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  • Manuscript (revised 210715) JDW EDIT (PrePrint)

    Rights statement: This is the author’s version of a work that was accepted for publication in Environmental Technology and Innovation. Changes resulting from the publishing process, such as peer review, editing, corrections, structural formatting, and other quality control mechanisms may not be reflected in this document. Changes may have been made to this work since it was submitted for publication. A definitive version was subsequently published in Environmental Technology and Innovation, 4, 2015 DOI: 10.1016/j.eti.2015.08.002

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Towards the integration of urban planning and biodiversity conservation through collaboration

Research output: Contribution to journalJournal article

Published
<mark>Journal publication date</mark>10/2015
<mark>Journal</mark>Environmental Technology and Innovation
Volume4
Number of pages9
Pages (from-to)218-226
Publication statusPublished
Early online date10/09/15
Original languageEnglish

Abstract

Despite aspirations to halt biodiversity loss by 2020 under the Aichi Biodiversity Targets, urban development continues to negatively impact UK wildlife and habitats. Reasons behind continued biodiversity decline are examined through the use of semi-structured interviews with ecologists, statutory regulators and land developers.. It is found that despite strict legislation and best practice, for both planning and ecology, there is still much room for subjectivity regarding the protection of specific ecological features and the implementation of the mitigation hierarchy. Interviews also revealed that such subjectivity often facilitates the prioritisation of commercial over ecological benefits during site design. Furthermore, many felt an over reliance on the protection of individual animals, as opposed to maintaining functional connectivity for conservation of wider populations was detrimental to both the development industry and ecology. Our findings support the case for further research into the development of innovative geographical information systems to allow spatial deliberation, and collaborative decision-making between the three stakeholder groups.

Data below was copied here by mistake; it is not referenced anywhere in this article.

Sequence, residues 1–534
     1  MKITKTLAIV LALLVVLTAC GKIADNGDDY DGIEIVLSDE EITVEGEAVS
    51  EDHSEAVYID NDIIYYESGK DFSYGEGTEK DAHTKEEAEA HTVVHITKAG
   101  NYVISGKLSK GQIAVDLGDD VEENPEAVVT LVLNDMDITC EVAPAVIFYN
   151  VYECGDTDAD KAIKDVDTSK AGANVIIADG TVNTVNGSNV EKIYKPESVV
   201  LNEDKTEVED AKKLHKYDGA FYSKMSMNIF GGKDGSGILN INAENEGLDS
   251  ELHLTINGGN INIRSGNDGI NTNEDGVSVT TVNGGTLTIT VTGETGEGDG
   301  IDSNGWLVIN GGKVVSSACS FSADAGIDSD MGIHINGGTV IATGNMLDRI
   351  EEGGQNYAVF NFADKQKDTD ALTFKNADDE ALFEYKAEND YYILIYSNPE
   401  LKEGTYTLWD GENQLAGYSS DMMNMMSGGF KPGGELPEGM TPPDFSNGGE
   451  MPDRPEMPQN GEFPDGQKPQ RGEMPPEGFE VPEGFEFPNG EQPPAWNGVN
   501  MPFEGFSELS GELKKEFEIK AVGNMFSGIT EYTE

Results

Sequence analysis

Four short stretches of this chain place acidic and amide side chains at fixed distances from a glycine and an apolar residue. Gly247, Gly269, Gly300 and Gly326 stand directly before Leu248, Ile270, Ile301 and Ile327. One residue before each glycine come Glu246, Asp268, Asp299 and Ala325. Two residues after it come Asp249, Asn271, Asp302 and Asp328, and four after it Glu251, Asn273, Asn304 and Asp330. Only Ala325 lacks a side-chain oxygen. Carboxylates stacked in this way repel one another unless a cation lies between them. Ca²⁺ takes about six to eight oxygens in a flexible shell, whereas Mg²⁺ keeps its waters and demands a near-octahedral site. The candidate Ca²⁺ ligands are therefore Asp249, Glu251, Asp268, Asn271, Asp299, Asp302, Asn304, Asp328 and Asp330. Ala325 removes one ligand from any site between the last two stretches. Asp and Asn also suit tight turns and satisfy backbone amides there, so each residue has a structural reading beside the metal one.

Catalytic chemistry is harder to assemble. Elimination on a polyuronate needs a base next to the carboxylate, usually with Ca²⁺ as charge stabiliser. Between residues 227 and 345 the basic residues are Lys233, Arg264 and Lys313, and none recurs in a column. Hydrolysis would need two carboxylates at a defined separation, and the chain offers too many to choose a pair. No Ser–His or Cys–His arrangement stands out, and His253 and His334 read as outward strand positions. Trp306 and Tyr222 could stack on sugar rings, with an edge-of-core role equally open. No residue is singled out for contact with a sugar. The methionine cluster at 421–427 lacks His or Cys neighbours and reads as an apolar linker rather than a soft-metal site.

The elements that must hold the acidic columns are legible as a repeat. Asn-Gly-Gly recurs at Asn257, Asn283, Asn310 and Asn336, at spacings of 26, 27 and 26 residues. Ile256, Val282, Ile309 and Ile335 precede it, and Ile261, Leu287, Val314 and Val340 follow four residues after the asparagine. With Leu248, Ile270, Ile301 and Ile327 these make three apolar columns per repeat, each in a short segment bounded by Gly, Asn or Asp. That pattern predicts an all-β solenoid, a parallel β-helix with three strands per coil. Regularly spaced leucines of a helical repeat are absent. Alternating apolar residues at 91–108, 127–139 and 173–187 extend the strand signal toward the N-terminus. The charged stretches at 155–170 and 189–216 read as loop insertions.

Bibliographic note

Date of Acceptance: 04/08/15 Evidence of Acceptance unavailable. Corresponding author is intercollating until Jan 2016. This is the author’s version of a work that was accepted for publication in Environmental Technology and Innovation. Changes resulting from the publishing process, such as peer review, editing, corrections, structural formatting, and other quality control mechanisms may not be reflected in this document. Changes may have been made to this work since it was submitted for publication. A definitive version was subsequently published in Environmental Technology and Innovation, 4, 2015 DOI: 10.1016/j.eti.2015.08.002